You may have read†in Bloomberg News that "Parkinson's Patients May Be Harmed by Novel Treatment." Here is our take. The reality is, the story surrounding alpha-synuclein is a complex one, and determining its role in Parkinson's disease will require much more analysis. †
Since its discovery in 1997, alpha-synuclein has become a major focus for those within the Parkinsonís disease (PD) research community, as all people with PD have clumps of the protein in their brains, called Lewy Bodies.† †
Even as we begin to learn more and more about alpha-synuclein and how it might spread throughout the body and brain during PD, there is still much to learn about alpha-synucleinís relationship to the disease. A critical basic, yet complex, question that still needs to be answered: Does this clumping play a causative role in Parkinsonís, or, do these Lewy Bodies form as the bodyís reaction to the onset and progression of the disease?
Most of the research to develop alpha-synuclein-targeted Parkinsonís drugs operates by attempting to stop the protein from clumping in the first place, to break up existing clumps, or to halt the toxic effects of the clumps. By and large the research is still in pre-clinical testing, although a vaccine candidate from Austrian biotech AFFiRiS is now in the clinic. ††
Whether these therapeutic approaches will work assumes that ridding the cell of extra, potentially toxic alpha-synuclein is a good thing. But study results presented today at the American Academy of Neurology (AAN) Annual Meeting suggest a more complex story.
The study, from Demetrius M. Maraganore, MD, of the Northshore University HealthSystem in Evanston, Illinois, surrounds the idea of gene expression, and specifically, the fact that drug candidates in development tend to focus on limiting the over-expression of alpha-synuclein, in order to reduce or prevent Lewy Body pathology.
But results presented by Maraganore and colleagues suggest that while over-expression of alpha-synuclein may increase a personís risk for developing PD, its under-expression may lead to faster motor and cognitive declines in people with Parkinsonís.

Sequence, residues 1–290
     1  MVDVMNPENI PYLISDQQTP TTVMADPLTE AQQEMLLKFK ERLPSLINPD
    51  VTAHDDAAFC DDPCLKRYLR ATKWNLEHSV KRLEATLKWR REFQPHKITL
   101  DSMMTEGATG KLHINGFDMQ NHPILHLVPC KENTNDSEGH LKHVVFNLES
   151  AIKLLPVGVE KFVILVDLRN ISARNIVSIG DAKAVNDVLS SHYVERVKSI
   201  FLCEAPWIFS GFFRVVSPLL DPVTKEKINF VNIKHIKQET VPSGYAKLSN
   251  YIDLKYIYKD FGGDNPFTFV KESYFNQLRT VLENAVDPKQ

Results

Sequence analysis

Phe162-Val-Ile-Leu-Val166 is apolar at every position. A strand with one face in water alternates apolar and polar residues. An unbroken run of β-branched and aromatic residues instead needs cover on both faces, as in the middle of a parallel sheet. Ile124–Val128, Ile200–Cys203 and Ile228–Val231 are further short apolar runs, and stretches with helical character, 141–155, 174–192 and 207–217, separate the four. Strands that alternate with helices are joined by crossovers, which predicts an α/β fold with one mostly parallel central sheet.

Maraganore studied more than a thousand individuals with PD and looked for a particular genetic region called Rep1 that is found in a part of the DNA that tells the cell how much alpha-synuclein protein to make. Those with a so-called ďshortĒ†version of this region are largely believed to make less alpha-synuclein†protein than those with the ďlongĒ†version.
So, if too much alpha-synuclein is indeed a bad thing, it would seem to follow that those with the short version should generally have a less aggressive form of Parkinsonís, while those with the longer form would see a faster progression in the disease. However, Maraganoreís team actually found the opposite effect to be true:† That those with the short Rep1 region appeared to have a faster progressing PD.
Hereís where Maraganore team sees the biggest possible pitfall into those current potential treatments being studied in the lab and the clinic, most of which focus on slowing over-expression of alpha-synuclein: What might be the consequences of limiting expression of alpha-synuclein in people with PD who might already be experiencing under-expression of the protein?
Itís a question worth pondering, and one that further underscores the reality that thereís still much work to do to understand alpha-synucleinís role in PD. Maraganore himself cautions that a much larger scale study would be needed to corroborate these recent findings.
In fact, a 2012 study from a team of researchers at the University of California Los Angeles found the opposite, and more intuitive, hypothesis to be true: That those with longer versions of Rep1 had more progressive PD.†
MJFF Senior Associate Director of Research Programs Kuldip Dave, PhD offers some perspective:
ďWhile Dr. Maraganoreís findings are certainly intriguing and merit more research, the reality is that we just donít yet know enough about the normal function of alpha-synuclein and its role in PD to make definitive decisions about the best path of for drugs targeting this protein.
ďFor this reason, alpha-synuclein-based research is one of our Foundationís priorities, and we look forward with optimism to new advances across a variety of therapeutic development strategies moving forward.Ē
Weíll keep you updated on all of the latest research news, including new findings on alpha-synuclein, at our Foxfeed blog.†
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